Ikat is a Malay-Indonesian term for cloth patterned by tie-dyeing technique, the word has come to describe both the process and the ikat textiles.
Ikat textiles have been woven in cultures all over the world, very highly developed in Indonesia, Central Asia and Japan, and like any craft or art form, ikat textiles vary widely from country to country and region to region.
Among the best known textiles produced in Central Asia are the oriental ikat textiles : silk made its way from China into Central Asia via the Silk Road and was embraced by the settled weavers. In Uzbekistan, these ikat silk weaves are known as « abr » (in Persian it means cloud) because like clouds the motifs of the ikat textiles appearing to float unbounded, their edges softly blending into the adjacent colors.
Weaving ikat textiles is a complex artistic technique used to create characterized soft-edged designs in different colors : binding and dying the patterns on to the threads before they are set on the loom, with the exception of white (natural color of the thread), a separate dye bath is required for each color that appears in the finished textile. The silk threads could be bound and dyed at least six to nine times.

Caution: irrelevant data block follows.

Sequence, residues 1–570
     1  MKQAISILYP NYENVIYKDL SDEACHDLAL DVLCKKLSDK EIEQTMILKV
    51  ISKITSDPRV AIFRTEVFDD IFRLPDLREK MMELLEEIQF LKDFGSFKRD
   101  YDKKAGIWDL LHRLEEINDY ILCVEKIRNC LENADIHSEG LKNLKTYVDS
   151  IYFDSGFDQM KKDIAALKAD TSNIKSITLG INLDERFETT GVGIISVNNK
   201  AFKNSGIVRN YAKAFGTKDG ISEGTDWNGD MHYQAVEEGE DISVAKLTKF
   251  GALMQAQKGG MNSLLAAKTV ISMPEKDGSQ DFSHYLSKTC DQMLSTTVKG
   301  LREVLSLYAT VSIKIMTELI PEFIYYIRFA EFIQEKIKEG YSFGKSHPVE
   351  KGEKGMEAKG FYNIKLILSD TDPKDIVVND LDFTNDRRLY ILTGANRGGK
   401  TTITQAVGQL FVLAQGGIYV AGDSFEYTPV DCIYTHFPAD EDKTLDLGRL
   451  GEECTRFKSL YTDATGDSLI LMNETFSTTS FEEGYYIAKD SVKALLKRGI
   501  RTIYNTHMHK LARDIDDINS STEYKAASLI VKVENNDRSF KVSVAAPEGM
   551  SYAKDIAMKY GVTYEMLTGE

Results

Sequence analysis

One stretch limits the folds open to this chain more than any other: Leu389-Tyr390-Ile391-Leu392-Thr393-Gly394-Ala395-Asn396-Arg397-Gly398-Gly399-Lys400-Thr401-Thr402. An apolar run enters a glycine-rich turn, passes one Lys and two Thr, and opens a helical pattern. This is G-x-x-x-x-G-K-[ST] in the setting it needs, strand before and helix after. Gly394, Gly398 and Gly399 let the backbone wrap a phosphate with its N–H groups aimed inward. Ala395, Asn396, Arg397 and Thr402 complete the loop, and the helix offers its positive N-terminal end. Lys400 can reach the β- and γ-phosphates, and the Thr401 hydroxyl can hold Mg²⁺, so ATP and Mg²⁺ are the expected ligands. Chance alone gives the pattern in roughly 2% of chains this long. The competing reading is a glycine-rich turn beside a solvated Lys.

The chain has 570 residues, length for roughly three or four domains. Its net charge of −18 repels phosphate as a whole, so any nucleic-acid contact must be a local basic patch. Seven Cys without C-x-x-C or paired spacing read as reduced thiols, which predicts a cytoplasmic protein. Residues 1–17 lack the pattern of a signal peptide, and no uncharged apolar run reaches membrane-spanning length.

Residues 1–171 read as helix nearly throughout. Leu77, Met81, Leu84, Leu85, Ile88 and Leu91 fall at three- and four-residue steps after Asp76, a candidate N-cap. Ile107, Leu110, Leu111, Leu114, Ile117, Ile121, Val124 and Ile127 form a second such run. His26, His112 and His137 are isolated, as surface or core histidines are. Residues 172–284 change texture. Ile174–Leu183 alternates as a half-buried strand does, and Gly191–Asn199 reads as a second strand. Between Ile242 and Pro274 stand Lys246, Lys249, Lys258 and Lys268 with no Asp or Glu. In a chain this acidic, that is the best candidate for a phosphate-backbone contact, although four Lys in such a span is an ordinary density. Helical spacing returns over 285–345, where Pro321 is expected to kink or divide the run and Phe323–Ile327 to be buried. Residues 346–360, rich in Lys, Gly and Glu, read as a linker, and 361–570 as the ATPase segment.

Central Asian ikat textiles have two main types of ikat : full ikat or strip ikat.
Motifs of the oriental ikat textiles are from artistic tradition thousand years old (pomegranate flowers, tulips, tree of life) and motifs more abstract to break with tradition.
These dramatic woven oriental ikat textiles had and still have many uses : for clothing and decorative textiles for the house.
Oriental ikat textiles were often symbols of status, wealth, power and prestige … perhaps because of the difficulty and time required to make ikat weavings.